A Russian test of a direct ascent anti-satellite weapon has created a field of around 1,500 pieces of space debris, putting global systems and even the International Space Station at risk, the US government confirmed Monday afternoon.

For hours Monday, the Pentagon was careful not to confirm anything as rumors swirled — and expert sleuths poured over data — about Russia having knowingly created a new debris field by destroying on of its satellites. One military source told Breaking Defense it “looks like” the debris was caused by a ground-launched missile; that same source claimed around 1,500 pieces of debris have now been thrown wildly into orbit.

That debris figure, as well as Russia’s role in the situation, was officially confirmed by State Department spokesman Ned Price, who said “Russia’s dangerous and irresponsible behavior jeopardizes the long term sustainability of our space and clearly demonstrates that Russia’s claims of opposing the weapons and weaponization of space are disingenuous and hypocritical.”

Added Pentagon spokesman John Kirby, “Obviously we’re concerned about any nation that would weaponize space, that makes space less conducive to peaceful commercial enterprises and exploration. We want to see the space domain subject to  international norms and rules so it can be explored by all spacefaring nations.”

Kirby added that the US was not given any advance notice of the Russian test.

Gen. James Dickinson, Space Command head, issued a statement this evening condemning the test, stressing that the debris field will “likely generate hundreds of thousands of pieces of smaller orbital debris” beyond the 1,500 pieces now being tracked by the military.

“Russia has demonstrated a deliberate disregard for the security, safety, stability, and long-term sustainability of the space domain for all nations,” he said. “The debris created by Russia’s DA-ASAT will continue to pose a threat to activities in outer space for years to come, putting satellites and space missions at risk, as well as forcing more collision avoidance maneuvers. Space activities underpin our way of life and this kind of behavior is simply irresponsible.”

While waiting for confirmation from the US, space scientists from around the world took to Twitter to analyze the situation, with consensus quickly forming that the most likely cause of the satellite breakup was a strike in the wee hours this morning or late yesterday by a A-235 / PL-19 Nudol ASAT system, launched from the Plesetsk Cosmodrone some 800 kilometers north of Moscow. Nudol, has been tested at least 10 times before, according to Secure World Foundation’s 2021 Global Counterspace Report.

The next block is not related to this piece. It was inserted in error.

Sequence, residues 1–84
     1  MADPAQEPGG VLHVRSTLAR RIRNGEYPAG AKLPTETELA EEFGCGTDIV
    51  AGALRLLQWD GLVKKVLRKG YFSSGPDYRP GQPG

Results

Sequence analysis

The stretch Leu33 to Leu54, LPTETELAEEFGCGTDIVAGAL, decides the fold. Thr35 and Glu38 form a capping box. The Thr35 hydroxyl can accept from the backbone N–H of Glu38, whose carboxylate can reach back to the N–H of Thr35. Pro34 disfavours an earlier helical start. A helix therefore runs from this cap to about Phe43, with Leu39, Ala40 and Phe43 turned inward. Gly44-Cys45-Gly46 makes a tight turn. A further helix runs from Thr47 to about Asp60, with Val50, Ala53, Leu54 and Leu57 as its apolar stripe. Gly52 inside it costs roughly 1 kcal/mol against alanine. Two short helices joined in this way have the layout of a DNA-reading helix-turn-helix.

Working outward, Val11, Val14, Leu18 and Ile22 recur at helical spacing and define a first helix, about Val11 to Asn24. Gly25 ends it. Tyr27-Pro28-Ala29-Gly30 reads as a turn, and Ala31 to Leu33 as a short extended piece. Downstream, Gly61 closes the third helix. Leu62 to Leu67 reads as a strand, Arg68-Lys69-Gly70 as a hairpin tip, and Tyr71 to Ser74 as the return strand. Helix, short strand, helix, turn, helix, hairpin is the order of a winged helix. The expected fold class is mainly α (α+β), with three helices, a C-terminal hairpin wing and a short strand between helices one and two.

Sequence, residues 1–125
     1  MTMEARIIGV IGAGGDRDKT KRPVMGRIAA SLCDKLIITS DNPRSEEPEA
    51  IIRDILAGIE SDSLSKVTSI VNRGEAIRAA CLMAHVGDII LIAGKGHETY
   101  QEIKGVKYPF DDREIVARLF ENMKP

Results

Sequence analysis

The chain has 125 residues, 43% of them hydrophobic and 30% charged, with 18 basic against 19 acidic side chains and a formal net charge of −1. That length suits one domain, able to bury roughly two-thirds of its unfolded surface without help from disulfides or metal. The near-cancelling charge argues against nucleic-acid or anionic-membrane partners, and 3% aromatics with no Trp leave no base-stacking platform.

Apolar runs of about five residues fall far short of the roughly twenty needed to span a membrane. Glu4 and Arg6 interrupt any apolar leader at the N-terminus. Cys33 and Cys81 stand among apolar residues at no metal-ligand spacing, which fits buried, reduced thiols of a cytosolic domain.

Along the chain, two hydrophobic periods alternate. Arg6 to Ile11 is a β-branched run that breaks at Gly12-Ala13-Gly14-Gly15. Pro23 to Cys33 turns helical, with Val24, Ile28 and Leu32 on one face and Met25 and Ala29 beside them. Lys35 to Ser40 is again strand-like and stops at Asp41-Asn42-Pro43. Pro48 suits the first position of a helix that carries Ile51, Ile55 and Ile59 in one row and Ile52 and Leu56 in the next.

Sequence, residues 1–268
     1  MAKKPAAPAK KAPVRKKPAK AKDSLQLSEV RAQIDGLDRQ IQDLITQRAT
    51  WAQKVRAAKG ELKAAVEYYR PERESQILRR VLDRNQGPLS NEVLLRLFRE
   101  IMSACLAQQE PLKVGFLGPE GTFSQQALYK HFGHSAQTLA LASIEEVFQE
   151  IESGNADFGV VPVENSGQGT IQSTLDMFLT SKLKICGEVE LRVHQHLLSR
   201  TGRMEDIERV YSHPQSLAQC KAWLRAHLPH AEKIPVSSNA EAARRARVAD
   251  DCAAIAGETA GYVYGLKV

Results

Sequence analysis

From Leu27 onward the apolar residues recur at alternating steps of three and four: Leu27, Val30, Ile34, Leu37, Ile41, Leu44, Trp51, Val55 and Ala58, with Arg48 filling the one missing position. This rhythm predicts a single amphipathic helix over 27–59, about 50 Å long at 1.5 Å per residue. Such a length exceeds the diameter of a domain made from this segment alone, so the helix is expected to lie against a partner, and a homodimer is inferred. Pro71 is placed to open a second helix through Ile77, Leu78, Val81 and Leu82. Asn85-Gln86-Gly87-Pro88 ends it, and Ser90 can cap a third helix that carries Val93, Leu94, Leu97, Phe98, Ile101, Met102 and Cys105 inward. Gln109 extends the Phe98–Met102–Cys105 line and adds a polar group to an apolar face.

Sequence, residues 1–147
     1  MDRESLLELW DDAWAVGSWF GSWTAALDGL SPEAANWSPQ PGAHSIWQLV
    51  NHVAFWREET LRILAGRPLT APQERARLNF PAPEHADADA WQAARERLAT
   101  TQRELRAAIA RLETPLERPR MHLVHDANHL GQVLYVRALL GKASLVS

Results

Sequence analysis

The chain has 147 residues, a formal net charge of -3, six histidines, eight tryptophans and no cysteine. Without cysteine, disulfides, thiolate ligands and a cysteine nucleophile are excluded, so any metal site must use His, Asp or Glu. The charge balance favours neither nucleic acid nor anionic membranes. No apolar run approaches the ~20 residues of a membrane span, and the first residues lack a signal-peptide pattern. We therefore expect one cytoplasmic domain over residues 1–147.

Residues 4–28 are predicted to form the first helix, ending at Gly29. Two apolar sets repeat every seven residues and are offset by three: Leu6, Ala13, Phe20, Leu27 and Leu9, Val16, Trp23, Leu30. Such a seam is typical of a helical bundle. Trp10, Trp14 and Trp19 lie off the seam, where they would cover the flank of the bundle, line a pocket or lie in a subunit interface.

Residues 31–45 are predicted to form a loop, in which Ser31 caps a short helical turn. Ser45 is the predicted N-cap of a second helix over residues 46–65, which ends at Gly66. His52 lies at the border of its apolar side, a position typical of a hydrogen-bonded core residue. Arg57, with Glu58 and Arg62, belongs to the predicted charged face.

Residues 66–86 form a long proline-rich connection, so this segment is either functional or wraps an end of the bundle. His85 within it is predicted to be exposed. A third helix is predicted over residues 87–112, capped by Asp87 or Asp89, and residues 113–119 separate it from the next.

However, Pavel Podvig, a senior research fellow at the United Nations Institute for Disarmament Research in Geneva, Switzerland, told Breaking Defense that Russia up to now has never actually conducted a ground-based “kinetic kill” interception. This fact, he suggested, might have been what motivated Moscow to do the test — simply to prove that it the Nudol could do the job it is designed for.

Commercial space-tracking startup LeoLabs confirmed in a Tweet that its radar has picked up a large debris cloud where the defunct signals intelligent satellite Russian Cosmos-1408, launched in 1982 and orbiting at about 480 kilometers in altitude, was previously located.

Jonathan McDowell, an astrophysicist at the Harvard-Smithsonian Center for Astrophysics, tweeted that a satellite the size of the Cosmos-1408, with a mass of some 1,750 kilograms, would likely result in “thousands” of pieces of “cataloged” debris — meaning debris bigger than the size of a softball that can be traced specifically to the bird’s break up and tracked by the 18th Space Control Squadron.

However, as McDowell noted, it usually takes weeks for SPACECOM to gather up all the tracking data and release it via its public catalog of space objects online at Space-Track.org.

The threat of a kinetic strike against satellite systems is hardly an unknown one. In the recent Breaking Defense Space Survey, respondents listed both “anti-satellite technology” and offensive actions by China or Russia as a potential top concern, and listed Russia as the second-most threatening nation to American interests in space.

As even tiny pieces of space debris, the size of a paint fleck, can damage a satellite, the news of yet another nation deliberately taking actions that result in thousand of pieces of dangerous junk has piqued concern among space watchers.

Since the debris field appeared, crew aboard the International Space Station have several times been told to take shelter in case the station takes damage as it passes through the debris — raising the specter of a political incident for Russia should any of the ISS crew, or those aboard China’s own Tiangong space station, be injured.

“If nothing else, this proves the need to have established agreement as to what kinds of behavior the international community has come together and deemed to be unacceptable, since right now there is nothing like that to point to demonstrate that,” summed up Victoria Samson, Secure World’s Washington office director.


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